Get your negotiation hats on, ladies, and let’s narrow that gender wage gap together. Here are five tips to help you negotiate a fair and equal wage that you definitely deserve … unless, of course, you’re satisfied with making roughly 20 percent less than a man for no good reason. Yeah, we didn’t think so, either.
(Photo Credit: Jusos FFM/Flickr)
Why is it that we women can negotiate the deal of the century on an antique dresser at a yard sale, but we avoid negotiating a raise or equal pay like the plague? It’s well known that women care more about what others think of them than men. Therefore, we are more inclined to meet in the middle during times of conflict to keep the peace and please others, but often forget about our own needs in doing so. This is especially true when it comes to money talks, namely asking for a raise or negotiating our salary.
Thankfully, the issue of the gender wage gap has received more mainstream attention and people are talking. Powerhouse women like NBC broadcast journalist Natalie Morales, former First Daughter Chelsea Clinton, and Facebook’s Sheryl Sandberg are joining forces with Levo League for the Ask4More campaign, which aims to spread awareness about America’s gender wage gap.
“You don’t get what you deserve, you get what you ask for,” says the campaign’s site, and those words couldn’t be more spot-on. Not only do women make 80 percent of what a man makes for equal work performed, we have to work twice as hard to be considered half as good in our careers – we definitely aren’t getting what we deserve, that’s for sure. Therefore, it’s time to name our price, rather than sit back and wait for that missing 20 percent pay gap to come find us when we “deserve” it. Now’s the time to flex your negotiating muscles, ladies, and ask for the pay that you’ve earned fair and square. Here are five salary negotiation tips to help prepare you for the big day.
1. Know What You’re Worth: Before you even think of jumping into your negotiation, be sure you know what you’re worth. A great way figure this out is by using a salary calculator tool (like this one) to get a fair evaluation of your current standing: qualifications, experience, education, and all. By gathering an accurate dollar figure of what you’re truly worth in the real world, gender aside, you’ll be able to enter your negotiation conversation with much more confidence than if you didn’t do any research.
2. Know What Number You Want: After you have figured out a ballpark figure of what you’re worth, now it’s time to figure out which number you’re going to go after. It’s just as important to be realistic about your target salary as it to be strategic about your approach. Asking for too much can result in your boss laughing in your face, but asking for too little can also backfire on you and make your efforts seem insignificant. Find your salary “sweet spot” by conducting proper research.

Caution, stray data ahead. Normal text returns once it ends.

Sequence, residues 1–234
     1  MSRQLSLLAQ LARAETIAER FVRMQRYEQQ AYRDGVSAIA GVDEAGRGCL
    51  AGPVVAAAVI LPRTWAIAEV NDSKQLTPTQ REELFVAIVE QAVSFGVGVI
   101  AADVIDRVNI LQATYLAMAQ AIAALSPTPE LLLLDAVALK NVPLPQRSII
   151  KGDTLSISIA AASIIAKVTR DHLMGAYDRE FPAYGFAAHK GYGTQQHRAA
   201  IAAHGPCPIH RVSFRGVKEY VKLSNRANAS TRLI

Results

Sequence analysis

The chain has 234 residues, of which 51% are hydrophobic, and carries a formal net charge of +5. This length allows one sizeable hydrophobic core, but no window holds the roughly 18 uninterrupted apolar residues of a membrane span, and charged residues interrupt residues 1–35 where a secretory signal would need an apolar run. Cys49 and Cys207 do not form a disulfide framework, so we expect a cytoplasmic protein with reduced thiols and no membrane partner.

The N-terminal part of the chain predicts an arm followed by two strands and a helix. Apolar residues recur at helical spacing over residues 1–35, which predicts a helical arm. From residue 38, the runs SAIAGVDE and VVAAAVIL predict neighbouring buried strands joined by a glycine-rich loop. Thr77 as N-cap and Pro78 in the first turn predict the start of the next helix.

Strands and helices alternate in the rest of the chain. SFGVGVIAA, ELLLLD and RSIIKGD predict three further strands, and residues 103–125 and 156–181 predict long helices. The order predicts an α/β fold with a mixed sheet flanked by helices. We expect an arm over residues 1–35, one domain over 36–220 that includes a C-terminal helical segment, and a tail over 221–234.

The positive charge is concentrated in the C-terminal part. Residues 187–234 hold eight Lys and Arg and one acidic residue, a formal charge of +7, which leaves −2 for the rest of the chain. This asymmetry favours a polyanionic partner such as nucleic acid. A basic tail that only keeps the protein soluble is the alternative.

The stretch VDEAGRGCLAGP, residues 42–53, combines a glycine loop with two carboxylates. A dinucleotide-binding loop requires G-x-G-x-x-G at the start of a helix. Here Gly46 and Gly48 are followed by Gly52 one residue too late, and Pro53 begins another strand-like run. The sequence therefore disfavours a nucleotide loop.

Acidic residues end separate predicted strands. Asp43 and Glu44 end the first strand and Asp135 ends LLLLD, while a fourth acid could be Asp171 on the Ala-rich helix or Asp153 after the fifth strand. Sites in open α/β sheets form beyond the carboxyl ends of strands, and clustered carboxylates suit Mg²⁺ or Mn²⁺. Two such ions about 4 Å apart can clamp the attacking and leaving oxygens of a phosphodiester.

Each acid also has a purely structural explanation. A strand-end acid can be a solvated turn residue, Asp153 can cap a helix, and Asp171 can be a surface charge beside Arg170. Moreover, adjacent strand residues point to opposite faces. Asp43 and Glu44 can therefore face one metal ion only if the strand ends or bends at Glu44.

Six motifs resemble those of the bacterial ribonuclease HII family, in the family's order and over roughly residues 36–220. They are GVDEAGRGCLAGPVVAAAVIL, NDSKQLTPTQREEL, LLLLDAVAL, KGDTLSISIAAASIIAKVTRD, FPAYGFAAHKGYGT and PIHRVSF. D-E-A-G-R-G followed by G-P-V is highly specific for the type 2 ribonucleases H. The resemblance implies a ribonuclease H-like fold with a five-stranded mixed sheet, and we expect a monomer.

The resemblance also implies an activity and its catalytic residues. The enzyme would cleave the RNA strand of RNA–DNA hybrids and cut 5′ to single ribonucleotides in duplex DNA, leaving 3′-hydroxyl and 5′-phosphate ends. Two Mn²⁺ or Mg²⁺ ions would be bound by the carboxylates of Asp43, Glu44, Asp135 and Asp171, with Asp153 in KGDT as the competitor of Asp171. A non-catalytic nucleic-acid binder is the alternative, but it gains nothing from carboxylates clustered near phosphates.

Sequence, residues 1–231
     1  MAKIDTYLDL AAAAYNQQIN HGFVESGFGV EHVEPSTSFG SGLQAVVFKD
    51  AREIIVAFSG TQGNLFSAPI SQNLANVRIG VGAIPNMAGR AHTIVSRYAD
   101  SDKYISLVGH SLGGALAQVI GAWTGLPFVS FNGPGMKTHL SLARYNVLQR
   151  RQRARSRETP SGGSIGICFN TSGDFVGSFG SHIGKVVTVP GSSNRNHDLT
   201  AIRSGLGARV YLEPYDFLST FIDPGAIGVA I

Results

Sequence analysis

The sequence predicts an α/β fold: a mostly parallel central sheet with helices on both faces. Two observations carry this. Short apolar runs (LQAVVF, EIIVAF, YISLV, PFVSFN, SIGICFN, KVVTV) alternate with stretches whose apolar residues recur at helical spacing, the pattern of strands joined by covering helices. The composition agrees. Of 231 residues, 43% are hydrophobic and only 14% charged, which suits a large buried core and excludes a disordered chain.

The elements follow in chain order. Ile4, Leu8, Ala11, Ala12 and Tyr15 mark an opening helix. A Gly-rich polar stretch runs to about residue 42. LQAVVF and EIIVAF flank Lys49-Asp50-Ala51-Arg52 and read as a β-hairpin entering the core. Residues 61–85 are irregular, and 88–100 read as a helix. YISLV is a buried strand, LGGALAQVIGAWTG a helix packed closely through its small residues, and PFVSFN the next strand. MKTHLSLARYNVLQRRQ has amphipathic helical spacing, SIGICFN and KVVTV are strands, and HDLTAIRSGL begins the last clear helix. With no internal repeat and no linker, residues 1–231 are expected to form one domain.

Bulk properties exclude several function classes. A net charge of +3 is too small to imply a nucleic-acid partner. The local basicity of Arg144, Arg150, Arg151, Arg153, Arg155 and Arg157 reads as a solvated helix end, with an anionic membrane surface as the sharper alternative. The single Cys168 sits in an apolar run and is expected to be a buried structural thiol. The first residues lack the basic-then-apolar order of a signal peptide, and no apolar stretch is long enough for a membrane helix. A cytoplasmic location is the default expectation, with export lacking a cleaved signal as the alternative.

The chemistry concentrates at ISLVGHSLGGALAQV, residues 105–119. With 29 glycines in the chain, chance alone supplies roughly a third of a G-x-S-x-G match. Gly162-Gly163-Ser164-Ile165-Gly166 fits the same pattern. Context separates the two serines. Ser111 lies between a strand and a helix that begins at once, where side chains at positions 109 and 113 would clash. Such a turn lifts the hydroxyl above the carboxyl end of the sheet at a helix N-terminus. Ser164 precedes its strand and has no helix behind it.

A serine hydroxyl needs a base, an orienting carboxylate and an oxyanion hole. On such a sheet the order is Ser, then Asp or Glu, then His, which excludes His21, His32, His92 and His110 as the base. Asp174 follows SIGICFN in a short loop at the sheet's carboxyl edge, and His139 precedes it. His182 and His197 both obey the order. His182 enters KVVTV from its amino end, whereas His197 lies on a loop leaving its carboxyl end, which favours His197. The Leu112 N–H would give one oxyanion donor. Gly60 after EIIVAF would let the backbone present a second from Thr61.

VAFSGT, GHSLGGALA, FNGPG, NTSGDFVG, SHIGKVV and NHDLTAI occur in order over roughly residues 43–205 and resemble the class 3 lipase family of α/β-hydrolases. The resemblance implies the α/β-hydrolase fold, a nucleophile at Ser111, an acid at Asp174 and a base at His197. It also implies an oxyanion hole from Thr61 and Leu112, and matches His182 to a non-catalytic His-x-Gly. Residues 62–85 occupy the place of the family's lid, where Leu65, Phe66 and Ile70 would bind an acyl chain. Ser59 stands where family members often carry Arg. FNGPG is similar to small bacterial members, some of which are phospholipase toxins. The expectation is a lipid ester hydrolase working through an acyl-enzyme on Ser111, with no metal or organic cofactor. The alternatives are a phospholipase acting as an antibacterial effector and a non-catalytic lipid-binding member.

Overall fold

3. Know Who You’re Negotiating With: Just as in a job interview, you’re going to want to know the person or group of people you’ll be meeting with to discuss your potential raise. For instance, if you’ll be meeting with someone you’re intimated by, then it’s better to know ahead of time and prepare yourself, than to be caught off-guard the day of the meeting.
4. Know What You’re Working With: One of the most important tools you can have in your arsenal is confidence, and you can build that confidence by being crystal clear with your career objectives, now and in the future. Going into your negotiation meeting should be mostly exhilarating with a tinge of nervousness, not the other way around. So, take the time beforehand to evaluate the hard work you’ve put in to get where you are today, and outline what you’re willing to do to get where you need and want to be in your career.
5. Know That Practice Makes Perfect: If you’re feeling uneasy about negotiating your raise, then try practicing your negotiation tactics on a smaller, less intimidating scale, like at a flea market, with a service provider (e.g. cable company), or on Craigslist. The point is to exercise your negotiation muscles so that you build a necessary amount of confidence to carry over into your money talk at work. Start small then build up, because you’ll want to be as prepared as you possibly can upon entering a discussion about your salary.
The takeaway here is, your fair wage isn’t going to find its way to you, ladies – you’re going to have to go out there tenaciously and confidently and get it. When you’re “negotiating while female,” remember that you’ve already earned fair pay and there’s no ifs, ands, or buts about it. If you’re still wary of how to go about asking for a higher salary or a raise, use PayScale’s comprehensive step-by-step Salary Negotiation Guide to act as a training guide to get you negotiation-ready in no time. Good luck and hang in there, ladies, we’re almost there!
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